Above: University of Delaware’s Chamber REP production of Suite Blackness: Black Dance in Cinema. Photo courtesy UD REP.
By Michelle Kramer-Fitzgerald
This spring, the University of Delaware celebrates all genres of artistic expression in a new endeavor: its inaugural State of the Arts Festival on May 5-6.
The festival is the result of collaboration among several UD departments — The Resident Ensemble Players (the REP, UD’s resident professional theatre company), the College of Arts and Sciences, and the Department of Theatre and Dance. Its aim is intended to showcase exceptional student work across disciplines and bring together the greater student body to discover and celebrate the talent of their peers.
The festival’s creative brain trust are The REP’s own artistic director Steve Tague and Company actor/director/playwright Michael Gotch. Each has been instrumental in the event’s launch, and both are passionate about providing this opportunity to UD students.
“The REP and the Department of Theatre and Dance are making an effort to be more inclusive of the student population, to open the doors, if you will, and become a clearer, bigger part of the UD student experience,” says Tague. “This festival is one example of that effort.”
They encourage all students — especially those interested in a professional life in the arts — to participate. The intention is to showcase all manner of artistic talent — actors, dancers, fashion designers, graphic artists, musicians, painters, photographers, spoken-word poets, stand-up comedians, and sculptors. The festival is meant for all UD students, and submission was open to any currently enrolled student on any UD campus or affiliate.
“Ultimately, we want to encourage [UD] students to get their work out into the world, enjoy exposure to the wider university community, their peers, and exposure to the REP’s loyal audiences,” says Gotch.
“The festival itself will really be shaped by the individual student artists and their talents,” says Amanda McGinty, program coordinator, marketing and public relations of The REP.
All activities will be held at UD’s Roselle Center for the Arts. The schedule includes a weekend of exhibits that culminate in a public performance on Saturday, May 6, 7:30pm in the Thompson Theatre. The Studio Theatre Gallery will feature visual artwork on display on Friday, May 5, from noon-4pm and again on Saturday, May 6, beginning at noon.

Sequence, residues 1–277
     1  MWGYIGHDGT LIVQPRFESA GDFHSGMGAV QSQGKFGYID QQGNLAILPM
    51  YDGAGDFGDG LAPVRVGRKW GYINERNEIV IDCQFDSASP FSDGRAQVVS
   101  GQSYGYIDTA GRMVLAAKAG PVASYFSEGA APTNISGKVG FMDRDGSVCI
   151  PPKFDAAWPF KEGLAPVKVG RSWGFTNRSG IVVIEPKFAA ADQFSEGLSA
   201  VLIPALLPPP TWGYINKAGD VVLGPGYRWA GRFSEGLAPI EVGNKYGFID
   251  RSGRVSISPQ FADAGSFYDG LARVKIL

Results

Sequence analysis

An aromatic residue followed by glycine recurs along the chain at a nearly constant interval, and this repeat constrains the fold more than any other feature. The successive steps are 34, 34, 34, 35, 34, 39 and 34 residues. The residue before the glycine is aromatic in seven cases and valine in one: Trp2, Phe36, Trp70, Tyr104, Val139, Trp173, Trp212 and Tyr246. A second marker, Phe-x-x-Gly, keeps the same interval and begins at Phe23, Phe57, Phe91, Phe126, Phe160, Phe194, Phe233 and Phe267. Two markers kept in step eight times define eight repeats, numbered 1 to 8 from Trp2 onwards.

Both Tague and Gotch are excited about just getting this first year up and running, but also seeing so many students submitting their work.
“It is heartening to see young people doing something that may not be part of their major, but that gives them a chance to show off [a talent] that is important to them, that gives them joy,” says Tague. He says it’s about giving students the opportunity to share their work and communicate with others through it.
They hope this project will inspire more departments in the College of Arts and Sciences to increase participation and help build something lasting.
“Hopefully, it grows into something the full College of Arts and Sciences can participate in . . . perhaps toward credits or for individual study project options,” says Gotch. “It can be a bridge between the classroom setting and the real world, where work needs to live and deserves to be seen, heard, experienced and felt.”
“We have had some crazy visions of this thing becoming a three-day weekend with buy-in from the university and the community, food trucks, outdoor displays of art, performances all day long in a Firefly sort of way, until it becomes a sort of thing that no one wants to miss,” says Tague. “It may take us a while to get there, but this is what we imagine.”
— Audiences can purchase tickets to the State of the Arts Festival on The REP website Rep.UDel.edu, through the box office in the Roselle Center for the Arts at 110 Orchard Road, or by calling 302-831-2204. Tickets are $15 for the general public and $10 for students.